Shannon Smith from PlentyOfFish agrees on this point about meeting in bars. "Our lives have become incredibly fast-paced, and it's increasingly difficult to find the time to meet new people outside of our workplaces and social circles Many people feel out of their element in social settings like nightclubs, so we provide an alternative that allows people to formulate well thought out messages and start meaningful conversations on their own time. Plus, unlike stepping into a bar, you log on to PlentyOfFish and you know everyone is single."

This is an important point about online dating, everyone is there to meet someone. Or are they? The launch of dating app Tinder last year caused some controversy, with it being dubbed shallow by some, and as a hook-up, rather than a dating app. Some called it a straight version of the popular gay app Grindr.

For the uninitiated, Tinder is a smartphone or tablet app that is downloaded and matches users who are attracted to each other via a swipe right. Swiping left is a no. If two users like each other, only then they are free to message each other. The controversy surrounds the fact that the initial attraction is almost purely based on looks, or more accurately, on the users profile pictures. The only information that you have on the other users is a few pictures, their name (or username), their age, where they are from, and maybe a tagline.

In a country as small as Ireland, using Tinder lead to awkwardness rather than romance, as Aisling Bradley discovered when she downloaded the app a few months ago. "Initially I had no reservations and thoroughly enjoyed the 'video game' like element to it - swipe left, swipe right.

However Galway is a small town and I soon began to see mutual likes around town. Since we'd never actually spoken it was quite awkward. Tinder is like a mate who tells everyone who you fancy." Although she has since signed up for PlentyOfFish, Aisling says she has yet to go on a date with someone she has met online.

This 'video game' element, plus the ease of use (all you have to do is download the app), have led to a lot of what have been dubbed "Tinder Tourists", users who are either not single, or not looking for anything, but are just messing around with Tinder, with no intention of ever meeting up.

I have to confess to being one of these. Although people do undoubtedly meet up after chatting on Tinder, there are also a lot of users who are just there for the craic rather than for romance.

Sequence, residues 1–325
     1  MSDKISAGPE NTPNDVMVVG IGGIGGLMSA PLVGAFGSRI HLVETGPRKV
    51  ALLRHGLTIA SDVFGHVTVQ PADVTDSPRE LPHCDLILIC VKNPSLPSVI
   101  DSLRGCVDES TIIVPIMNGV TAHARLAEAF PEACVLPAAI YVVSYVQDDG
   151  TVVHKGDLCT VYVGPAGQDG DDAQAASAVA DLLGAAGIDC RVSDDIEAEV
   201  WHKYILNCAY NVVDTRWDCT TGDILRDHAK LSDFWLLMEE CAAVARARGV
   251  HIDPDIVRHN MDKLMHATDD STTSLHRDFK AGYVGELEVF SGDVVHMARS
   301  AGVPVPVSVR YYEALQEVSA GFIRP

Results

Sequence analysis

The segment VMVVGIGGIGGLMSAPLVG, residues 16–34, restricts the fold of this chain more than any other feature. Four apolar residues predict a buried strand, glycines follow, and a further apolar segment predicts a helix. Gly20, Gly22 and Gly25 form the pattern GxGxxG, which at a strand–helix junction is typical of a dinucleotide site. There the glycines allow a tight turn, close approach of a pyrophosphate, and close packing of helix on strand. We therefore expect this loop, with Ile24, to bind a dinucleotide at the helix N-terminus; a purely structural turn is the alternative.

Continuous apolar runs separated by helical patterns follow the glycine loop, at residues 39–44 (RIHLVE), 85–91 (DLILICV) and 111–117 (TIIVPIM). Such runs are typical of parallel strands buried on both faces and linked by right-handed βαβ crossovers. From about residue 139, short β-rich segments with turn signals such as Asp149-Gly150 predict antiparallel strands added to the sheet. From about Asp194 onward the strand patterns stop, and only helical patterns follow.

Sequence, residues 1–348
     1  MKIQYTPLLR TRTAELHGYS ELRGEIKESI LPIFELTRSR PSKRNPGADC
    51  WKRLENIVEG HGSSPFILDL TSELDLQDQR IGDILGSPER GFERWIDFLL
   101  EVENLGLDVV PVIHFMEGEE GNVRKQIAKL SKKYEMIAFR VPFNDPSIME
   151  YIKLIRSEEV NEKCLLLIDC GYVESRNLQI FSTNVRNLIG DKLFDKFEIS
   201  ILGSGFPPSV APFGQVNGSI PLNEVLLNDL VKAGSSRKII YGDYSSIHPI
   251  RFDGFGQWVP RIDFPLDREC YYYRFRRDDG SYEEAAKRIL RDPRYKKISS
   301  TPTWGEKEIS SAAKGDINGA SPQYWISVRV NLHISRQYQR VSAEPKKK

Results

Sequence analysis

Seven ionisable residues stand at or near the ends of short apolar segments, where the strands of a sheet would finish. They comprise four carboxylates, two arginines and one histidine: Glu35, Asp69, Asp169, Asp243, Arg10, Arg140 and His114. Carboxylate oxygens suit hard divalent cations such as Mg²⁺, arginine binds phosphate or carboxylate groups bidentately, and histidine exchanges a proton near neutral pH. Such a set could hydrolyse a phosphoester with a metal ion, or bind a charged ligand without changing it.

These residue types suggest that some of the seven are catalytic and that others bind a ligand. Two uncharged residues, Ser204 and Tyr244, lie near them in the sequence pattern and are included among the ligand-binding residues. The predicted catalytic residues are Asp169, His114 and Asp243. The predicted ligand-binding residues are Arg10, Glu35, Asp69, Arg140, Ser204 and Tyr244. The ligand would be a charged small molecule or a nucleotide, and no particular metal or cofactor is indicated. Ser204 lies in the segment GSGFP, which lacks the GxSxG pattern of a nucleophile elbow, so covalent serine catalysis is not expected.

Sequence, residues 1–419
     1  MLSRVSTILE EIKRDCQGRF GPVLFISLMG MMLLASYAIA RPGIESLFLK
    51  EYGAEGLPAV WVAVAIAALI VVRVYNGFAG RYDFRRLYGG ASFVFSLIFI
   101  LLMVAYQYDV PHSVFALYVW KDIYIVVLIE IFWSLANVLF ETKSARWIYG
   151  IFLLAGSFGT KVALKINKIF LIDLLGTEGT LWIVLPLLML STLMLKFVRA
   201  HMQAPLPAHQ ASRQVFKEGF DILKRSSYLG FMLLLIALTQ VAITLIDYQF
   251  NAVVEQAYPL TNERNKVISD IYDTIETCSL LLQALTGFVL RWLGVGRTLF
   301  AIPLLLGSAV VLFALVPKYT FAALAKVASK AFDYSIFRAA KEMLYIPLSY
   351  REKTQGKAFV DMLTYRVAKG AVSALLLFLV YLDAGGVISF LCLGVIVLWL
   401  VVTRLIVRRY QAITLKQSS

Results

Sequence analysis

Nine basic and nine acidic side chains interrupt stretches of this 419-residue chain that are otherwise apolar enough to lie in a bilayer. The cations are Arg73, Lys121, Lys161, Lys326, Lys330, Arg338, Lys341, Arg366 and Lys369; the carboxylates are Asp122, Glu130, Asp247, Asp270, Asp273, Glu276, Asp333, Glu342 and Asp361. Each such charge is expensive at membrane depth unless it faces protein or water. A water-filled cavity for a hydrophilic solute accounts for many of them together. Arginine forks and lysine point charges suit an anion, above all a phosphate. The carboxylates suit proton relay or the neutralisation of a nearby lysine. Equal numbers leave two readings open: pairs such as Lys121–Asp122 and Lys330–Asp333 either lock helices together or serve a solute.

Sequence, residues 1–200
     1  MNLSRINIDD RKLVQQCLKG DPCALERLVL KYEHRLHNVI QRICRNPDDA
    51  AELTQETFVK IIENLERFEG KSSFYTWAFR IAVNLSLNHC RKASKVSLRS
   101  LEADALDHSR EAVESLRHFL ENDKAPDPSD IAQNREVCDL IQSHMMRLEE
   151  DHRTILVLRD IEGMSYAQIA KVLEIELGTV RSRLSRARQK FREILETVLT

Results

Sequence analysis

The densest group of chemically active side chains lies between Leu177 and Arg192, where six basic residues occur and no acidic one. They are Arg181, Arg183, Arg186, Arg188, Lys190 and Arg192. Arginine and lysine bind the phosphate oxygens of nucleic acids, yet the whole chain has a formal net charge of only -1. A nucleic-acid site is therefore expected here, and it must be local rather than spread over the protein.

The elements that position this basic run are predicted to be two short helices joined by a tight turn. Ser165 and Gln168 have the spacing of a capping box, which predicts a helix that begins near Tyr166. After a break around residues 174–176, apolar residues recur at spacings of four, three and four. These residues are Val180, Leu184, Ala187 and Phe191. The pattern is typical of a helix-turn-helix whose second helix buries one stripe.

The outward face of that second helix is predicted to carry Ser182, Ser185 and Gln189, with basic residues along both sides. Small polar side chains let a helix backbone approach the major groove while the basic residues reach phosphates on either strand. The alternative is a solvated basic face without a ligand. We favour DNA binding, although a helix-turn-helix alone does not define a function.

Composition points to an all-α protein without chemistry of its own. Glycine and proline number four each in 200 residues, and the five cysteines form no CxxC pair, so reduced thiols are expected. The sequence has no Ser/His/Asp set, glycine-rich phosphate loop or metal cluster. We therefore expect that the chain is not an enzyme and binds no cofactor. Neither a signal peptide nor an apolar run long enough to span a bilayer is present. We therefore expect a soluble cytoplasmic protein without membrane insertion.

At the other end of the scale are more specialised dating sites such as Elite Singles. This site charges a subscription, but in return it promises to manually check each profile to ensure that users are serious. Anna Teigle, a relationship expert with Elite Singles says: "The way we set up the site, introducing members to others based on their personality and their stated relationship goals, means first dates are better as you know you have something in common already. Meeting people online undoubtedly makes the chances of clicking when you see each other much higher."

Ah but does it? What attracts us to someone, after all, and does this initial physical attraction translate to long-term love? Just because something looks good on paper, doesn't mean that it will work in real life. Cupid can be fickle when he wants to be, and dating apps and sites are a handy, time efficient way for people to meet up. The people I spoke to all mentioned the ego boost that signing up to a dating site brings, logging on and seeing that you have new messages and new likes.

But are we any better off than we were 20 years ago? Perhaps, in terms of confidence and sexual freedom - we're more free to shop around before settling. But does online dating remove some of that organic excitement from the whole process, or is that even important? It's doubtful we'll ever return to the ways of the past wholly.

While some sites are more legitimate or serious than others, most users seem aware of the risks and enter into the world of online dating with their eyes open. And why not give love a little helping hand? Who knows where it could lead to? A word of advice from one serial online dater who wishes to remain anonymous: Be honest, but open-minded. Don't take the pictures at face value, and use realistic and recent pictures of yourself. Oh, and happy hunting!

Irish Independent